As the worldwide real estate market continues to recover from the devastating collapse of 2008, it seems that more new investors are now joining the party. One worrying trend is the fact that many relatively new investors are chasing the “hot markets” and putting all of their eggs in one basket which can be very dangerous. When markets are flying, asset prices are rising and money is being made, it can be very tempting to concentrate on one particular area. However, there are major pitfalls to this strategy!
If we look back to 2008, a part of history that many investors seem to be ignoring at the moment, a relatively small increase in the number of US mortgage defaulters very quickly engulfed the market and caused a collapse in worldwide real estate. This was something that nobody had forecast, something that last occurred during the great recession and there are very few people living today who went through that particular crisis.
Real estate prices will not always rise
As we touched on above, it is very easy to get carried away in the short term when markets are flying, asset prices are moving higher and large amounts of money is being made. Those who have been successful time and time again in the real estate market are those who have sold before the top and bought before the bottom of the market. Once the market tops out it can fall relatively quickly and when a market bottoms out it can rise relatively quickly. It is therefore imperative that you spread your geography, real estate type and, something which many people ignore, your investment timescale for individual investments.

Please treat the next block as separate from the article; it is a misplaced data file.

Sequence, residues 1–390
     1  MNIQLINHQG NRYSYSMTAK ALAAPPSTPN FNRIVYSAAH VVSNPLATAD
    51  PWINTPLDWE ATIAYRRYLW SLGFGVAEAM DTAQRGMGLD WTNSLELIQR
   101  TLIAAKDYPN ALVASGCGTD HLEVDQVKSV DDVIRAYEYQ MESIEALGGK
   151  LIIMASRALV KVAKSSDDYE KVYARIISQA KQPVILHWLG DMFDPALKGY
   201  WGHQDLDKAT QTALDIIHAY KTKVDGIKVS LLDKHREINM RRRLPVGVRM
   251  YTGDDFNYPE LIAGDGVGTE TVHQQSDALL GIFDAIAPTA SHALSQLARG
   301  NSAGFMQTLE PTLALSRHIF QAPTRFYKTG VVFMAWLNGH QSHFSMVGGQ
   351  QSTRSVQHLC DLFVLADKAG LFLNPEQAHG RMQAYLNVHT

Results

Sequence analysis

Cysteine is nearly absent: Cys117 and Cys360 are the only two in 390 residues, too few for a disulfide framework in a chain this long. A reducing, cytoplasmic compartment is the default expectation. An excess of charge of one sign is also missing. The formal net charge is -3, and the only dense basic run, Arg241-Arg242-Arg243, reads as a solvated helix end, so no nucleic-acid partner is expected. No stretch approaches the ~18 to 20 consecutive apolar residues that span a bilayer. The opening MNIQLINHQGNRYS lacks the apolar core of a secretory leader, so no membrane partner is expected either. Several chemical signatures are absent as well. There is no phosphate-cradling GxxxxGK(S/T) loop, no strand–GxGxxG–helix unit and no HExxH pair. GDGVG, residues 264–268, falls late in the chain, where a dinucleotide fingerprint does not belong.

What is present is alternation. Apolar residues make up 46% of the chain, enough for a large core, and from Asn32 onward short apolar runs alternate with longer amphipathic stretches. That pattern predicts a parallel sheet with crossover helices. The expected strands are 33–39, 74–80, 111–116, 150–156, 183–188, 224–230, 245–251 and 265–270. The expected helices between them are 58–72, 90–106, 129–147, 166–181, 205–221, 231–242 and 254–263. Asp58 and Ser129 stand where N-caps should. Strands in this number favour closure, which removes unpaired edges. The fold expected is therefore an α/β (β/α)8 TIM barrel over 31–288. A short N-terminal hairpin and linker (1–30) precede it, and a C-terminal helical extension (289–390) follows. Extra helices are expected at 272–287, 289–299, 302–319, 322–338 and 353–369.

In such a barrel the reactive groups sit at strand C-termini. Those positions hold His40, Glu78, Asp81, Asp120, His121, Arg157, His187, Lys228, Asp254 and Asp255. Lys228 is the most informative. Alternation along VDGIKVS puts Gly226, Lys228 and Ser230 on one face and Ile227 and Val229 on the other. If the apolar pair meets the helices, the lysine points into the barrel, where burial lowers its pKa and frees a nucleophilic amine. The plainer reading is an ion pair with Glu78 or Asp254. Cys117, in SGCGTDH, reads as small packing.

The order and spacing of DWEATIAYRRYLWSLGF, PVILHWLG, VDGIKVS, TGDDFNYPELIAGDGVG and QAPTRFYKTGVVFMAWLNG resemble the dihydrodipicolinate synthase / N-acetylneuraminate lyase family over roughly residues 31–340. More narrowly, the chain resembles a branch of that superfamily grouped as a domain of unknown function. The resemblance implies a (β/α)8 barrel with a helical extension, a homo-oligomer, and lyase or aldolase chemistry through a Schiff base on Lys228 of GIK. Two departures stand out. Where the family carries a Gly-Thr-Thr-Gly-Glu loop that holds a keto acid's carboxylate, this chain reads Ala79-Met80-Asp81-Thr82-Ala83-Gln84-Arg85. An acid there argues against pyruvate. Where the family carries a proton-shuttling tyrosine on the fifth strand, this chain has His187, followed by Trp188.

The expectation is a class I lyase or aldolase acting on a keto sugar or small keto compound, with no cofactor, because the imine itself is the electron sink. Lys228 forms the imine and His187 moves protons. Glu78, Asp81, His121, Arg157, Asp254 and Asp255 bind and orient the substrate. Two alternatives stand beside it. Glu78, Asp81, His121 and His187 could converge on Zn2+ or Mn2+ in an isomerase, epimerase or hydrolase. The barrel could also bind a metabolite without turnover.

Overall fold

Quote from PropertyForum.com : “Bank of England all talk and no action on UK property boom“
Look long-term with real estate assets
While there is nothing wrong in taking a profit when a profit is available, when looking towards the real estate market you should be investing on a medium to long-term basis. You should have a target in mind, you should have a “fair value” figure in your head and you should stick to your guns. If you believe that one of your assets is moving towards an overbought position, i.e. the value is more than you believe to be fair value, perhaps it is time to consider a disposal?
While individual country real estate markets will vary in performance, there will also be subsectors within individual countries which will show great variation. It is also likely that retail, commercial and housing stock markets will not move together at the same pace although they will likely move in line with the economy in general terms.
You should continually monitor the value of your real estate assets, make changes where applicable and assess the risk/reward ratio. If this is in favour of further upside, maintain your property portfolio for the time being, but if the risk is potentially more on the downside after a property price rise, then maybe you should consider reducing your exposure?
It is also worth taking into account specific risk and systematic risk which relate to specific assets and for example local economy considerations. You may have exposure to the best asset category, your timing may be perfect with a particular market but if the economy turns, there is political unrest or some other major event then this would impact all investment markets in that country – and possibly beyond.
In order to give yourself a balanced approach, a balanced portfolio and a chance of success in the longer term, you should incorporate an array of different types of real estate into your portfolio, different geographical locations and different risk/reward ratios. This will ensure that you are not over dependent on one particular market, one particular type of property or one particular country. There may not be any short-term fireworks with this approach but it would give you the best opportunity to create a lucrative long-term business.